I have had several people that say they are starting a business out of there home, and if I had power in my units they would love to do some of there work out of a 10 X 20, and would be willing to pay more. They would be doing small things like building signs. I only have 77 units and 33 of them are 10 X 20. I am wondering if it will be worth while to put the power in, or just continue to be patient with our fill up time. With the economy, and just starting, we are concerned with how long it might take to fill up.
Some questions I would have to ask is what are their power requirements and what kind of work are they going to be doing?
Is it something that will be producing a lot of dust or other unwanted fumes or trash?
Are you going to be putting in individual meters or charging them a flat rate for having power available?
If I were going to do this I would limit them to a single 15 Amp circuit with clear written rules regrading what kind of work can be done (and what is not acceptable) - I would also put the circuit on a timer so that power is only available during normal hours of operation (our gate access is from 7 to 7 so they would only have power between 7 and 7) this will prevent the storage of refrigerators and freezers.
As always this is just my .02c worth
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In my opinion you are opening up a big can of worms. I have a teant who claimed to be "working" in his unit. He had quite a little habitat in there. He set up a microwave, TV, Computer, Etc. We eventually had to cut him off. All of that began with a simple, "Can I plug in a light to do some work in my unit?" It becomes an issue of, what is the line between someone who sets something like that up to "work" and someone who sets up their unit to "live in"? I tend to be very black and white about the issue. I tell people that this is Storage, you are to use the unit to store your items. So once you put the items in, or take them out - you leave!
David, some places do this with success. I know one facility that allows this, some people have even built facade business faces that appear when they roll up their doors. Electricity costs are covered by the facility.
I personally don't want to cross that line. Besides the points Autodoc presented, you will also have increased foot traffic going to the 'business' locations. To me, this is a security risk.
Also, it crosses the line (at least in California) with the "Self Service Storage" concept. It would require a different type of lease agreement to operate in this manner.
I would advise patience as long as you can. Move in specials are great ways to get people in the doors.
Here are some ideas to get you started Marketing Good luck!
You only live once, but if you do it right, once is enough!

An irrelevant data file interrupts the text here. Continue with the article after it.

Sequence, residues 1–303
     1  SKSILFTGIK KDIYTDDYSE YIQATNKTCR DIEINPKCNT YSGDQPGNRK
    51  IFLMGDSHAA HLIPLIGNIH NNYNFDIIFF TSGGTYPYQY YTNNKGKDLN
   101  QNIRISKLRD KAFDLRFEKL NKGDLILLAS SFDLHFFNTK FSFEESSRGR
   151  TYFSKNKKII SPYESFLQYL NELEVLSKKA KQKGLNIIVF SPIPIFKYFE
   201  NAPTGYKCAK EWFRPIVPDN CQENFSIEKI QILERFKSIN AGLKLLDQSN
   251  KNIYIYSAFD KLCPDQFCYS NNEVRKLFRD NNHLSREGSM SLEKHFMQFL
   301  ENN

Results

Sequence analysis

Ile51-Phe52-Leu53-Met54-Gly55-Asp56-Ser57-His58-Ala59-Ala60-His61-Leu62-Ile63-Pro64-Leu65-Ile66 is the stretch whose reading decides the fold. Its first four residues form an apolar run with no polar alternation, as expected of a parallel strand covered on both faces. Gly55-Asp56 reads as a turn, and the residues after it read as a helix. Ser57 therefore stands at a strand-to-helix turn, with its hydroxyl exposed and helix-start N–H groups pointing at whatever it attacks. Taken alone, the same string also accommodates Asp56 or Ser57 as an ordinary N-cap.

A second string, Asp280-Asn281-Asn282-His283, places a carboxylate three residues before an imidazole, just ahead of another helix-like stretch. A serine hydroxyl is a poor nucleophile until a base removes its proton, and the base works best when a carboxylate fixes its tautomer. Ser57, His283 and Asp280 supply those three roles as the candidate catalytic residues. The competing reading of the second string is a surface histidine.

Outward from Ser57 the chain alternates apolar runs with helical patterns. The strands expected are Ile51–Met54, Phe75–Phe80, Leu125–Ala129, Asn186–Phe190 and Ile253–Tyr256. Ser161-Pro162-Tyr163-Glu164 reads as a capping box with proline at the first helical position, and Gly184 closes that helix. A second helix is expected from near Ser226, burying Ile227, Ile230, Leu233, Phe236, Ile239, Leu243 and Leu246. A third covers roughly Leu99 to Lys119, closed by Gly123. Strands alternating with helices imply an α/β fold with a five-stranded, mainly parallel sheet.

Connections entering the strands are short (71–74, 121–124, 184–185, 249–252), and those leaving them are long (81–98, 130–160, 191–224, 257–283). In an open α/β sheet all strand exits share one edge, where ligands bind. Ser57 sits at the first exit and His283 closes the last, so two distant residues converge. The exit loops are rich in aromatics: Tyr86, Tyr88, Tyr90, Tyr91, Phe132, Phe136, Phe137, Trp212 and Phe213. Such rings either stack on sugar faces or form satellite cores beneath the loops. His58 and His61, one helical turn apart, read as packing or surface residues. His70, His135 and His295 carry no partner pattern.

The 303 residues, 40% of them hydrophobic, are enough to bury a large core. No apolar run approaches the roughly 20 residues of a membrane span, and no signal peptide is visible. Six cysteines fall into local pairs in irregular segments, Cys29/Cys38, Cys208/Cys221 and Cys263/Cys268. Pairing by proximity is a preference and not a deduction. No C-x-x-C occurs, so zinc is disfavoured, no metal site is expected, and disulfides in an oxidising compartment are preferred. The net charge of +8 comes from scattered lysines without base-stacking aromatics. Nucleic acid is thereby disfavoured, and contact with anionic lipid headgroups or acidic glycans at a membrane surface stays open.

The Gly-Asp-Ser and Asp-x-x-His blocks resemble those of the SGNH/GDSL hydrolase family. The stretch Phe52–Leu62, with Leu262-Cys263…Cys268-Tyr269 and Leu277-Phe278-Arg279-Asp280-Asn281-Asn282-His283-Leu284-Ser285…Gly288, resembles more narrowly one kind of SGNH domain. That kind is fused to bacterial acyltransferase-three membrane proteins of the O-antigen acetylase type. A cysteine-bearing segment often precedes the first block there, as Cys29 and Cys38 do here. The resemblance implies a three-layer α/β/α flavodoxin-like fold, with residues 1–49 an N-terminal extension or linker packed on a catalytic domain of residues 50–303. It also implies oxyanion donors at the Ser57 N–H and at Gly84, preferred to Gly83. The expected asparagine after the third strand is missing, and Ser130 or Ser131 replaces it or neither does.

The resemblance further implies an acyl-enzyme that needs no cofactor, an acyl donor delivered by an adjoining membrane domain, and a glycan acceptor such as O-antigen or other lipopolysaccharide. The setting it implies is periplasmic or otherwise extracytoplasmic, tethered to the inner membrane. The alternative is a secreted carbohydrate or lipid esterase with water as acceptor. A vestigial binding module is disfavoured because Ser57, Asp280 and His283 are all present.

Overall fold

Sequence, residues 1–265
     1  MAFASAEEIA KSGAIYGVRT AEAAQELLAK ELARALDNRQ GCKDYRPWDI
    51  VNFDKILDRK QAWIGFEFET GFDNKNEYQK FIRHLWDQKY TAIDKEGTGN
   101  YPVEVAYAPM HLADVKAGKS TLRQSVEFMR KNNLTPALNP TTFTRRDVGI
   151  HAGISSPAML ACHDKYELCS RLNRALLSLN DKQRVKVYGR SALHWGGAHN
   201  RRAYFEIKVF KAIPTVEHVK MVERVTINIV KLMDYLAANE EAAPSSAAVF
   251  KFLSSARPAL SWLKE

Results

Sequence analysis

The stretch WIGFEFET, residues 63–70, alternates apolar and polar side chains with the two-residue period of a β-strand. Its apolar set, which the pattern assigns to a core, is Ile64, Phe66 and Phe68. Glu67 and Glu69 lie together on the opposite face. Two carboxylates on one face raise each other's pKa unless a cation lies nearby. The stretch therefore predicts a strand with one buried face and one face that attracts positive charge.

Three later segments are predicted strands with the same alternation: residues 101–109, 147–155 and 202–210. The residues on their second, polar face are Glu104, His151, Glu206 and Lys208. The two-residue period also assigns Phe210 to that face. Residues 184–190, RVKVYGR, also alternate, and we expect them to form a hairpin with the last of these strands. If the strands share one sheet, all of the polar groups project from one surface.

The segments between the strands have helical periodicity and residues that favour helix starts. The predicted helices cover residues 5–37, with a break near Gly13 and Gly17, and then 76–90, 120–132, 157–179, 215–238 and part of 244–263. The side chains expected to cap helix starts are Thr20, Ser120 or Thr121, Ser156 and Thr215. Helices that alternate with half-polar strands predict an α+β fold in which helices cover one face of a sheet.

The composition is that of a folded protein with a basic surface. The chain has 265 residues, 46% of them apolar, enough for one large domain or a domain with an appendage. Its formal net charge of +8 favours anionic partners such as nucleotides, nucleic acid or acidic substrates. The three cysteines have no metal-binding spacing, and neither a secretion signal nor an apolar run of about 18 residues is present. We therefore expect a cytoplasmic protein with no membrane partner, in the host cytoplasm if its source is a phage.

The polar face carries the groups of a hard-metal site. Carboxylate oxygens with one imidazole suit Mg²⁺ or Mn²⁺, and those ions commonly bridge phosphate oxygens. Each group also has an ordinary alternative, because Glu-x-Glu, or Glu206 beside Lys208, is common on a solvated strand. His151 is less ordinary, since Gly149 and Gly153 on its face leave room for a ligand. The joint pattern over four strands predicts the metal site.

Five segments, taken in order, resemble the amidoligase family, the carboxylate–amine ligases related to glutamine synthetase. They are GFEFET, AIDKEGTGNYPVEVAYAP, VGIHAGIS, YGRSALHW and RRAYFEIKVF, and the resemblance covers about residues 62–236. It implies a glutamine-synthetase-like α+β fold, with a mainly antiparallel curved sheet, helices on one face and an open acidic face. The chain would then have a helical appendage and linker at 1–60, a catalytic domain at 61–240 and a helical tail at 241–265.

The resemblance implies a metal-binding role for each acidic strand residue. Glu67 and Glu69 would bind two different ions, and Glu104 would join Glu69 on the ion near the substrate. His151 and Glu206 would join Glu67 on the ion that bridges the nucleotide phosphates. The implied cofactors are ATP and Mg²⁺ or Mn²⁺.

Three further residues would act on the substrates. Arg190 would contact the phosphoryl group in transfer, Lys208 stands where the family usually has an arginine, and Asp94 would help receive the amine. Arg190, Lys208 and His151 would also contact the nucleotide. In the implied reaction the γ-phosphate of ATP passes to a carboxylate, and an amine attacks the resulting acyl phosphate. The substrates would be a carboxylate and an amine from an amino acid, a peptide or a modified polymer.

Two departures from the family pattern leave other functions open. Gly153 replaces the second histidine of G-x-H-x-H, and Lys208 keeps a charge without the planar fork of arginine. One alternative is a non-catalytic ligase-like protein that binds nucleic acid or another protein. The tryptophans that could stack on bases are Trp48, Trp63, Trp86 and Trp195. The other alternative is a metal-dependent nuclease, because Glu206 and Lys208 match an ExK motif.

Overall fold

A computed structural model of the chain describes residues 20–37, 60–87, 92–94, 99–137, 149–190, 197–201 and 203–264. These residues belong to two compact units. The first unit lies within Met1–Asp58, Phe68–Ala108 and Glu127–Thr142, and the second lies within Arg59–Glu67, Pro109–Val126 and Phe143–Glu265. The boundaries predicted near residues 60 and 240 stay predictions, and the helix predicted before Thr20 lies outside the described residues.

I am not an attorney, just an experienced manager who is willing to share what I have learned. Your thoughts, practices or opinions may vary and neither of us may be right.
I have to agree with everyone on this one, I think libility would be a issue, you will find that all of a sudden you are no longer a storage facility but a strip mall or flee market with a lot of traffic in and out, people that store their belongings will began to not feel as secure there. We toured a facility a while back that we had thought about buying, it was set up to be a storage/fleemarket, it had turned into just a flee market with about half the facility being used and the rest empty, people working out of their units had makeshift canopies built onto there units, attached to the building and the whole place was trashy looking, not very old a facility but already ran down. I would hold out on this idea and as stated try some marketing ideas, We have a lot of 10X20 units availible so we ran a spring special with 10% off until the end of may, this has helped some, It's a tough market right now hopefully things will get better soon. If not we may have to have a summer special.
I've had a couple of guys doing light work in there units, ie tv repair or laminating(no waste). From a security view I think it's very helpful, plus you have someone to talk to. I did have a auto repair guy that had to leave however.
At a former location, I had people who rented units and used as workshops. THEY kept more of an eye on the goings on than the cameras! They didn't have visitors. One rebuilt motors for watercraft, one built cabinets, etc.
They paid about $599 for a 10x40 with a 20' ceiling with two doors. They had regular access hours - the cabinet maker did have a lot plugged in but that is how the owner of the facility wanted it marketed and rented......his choice.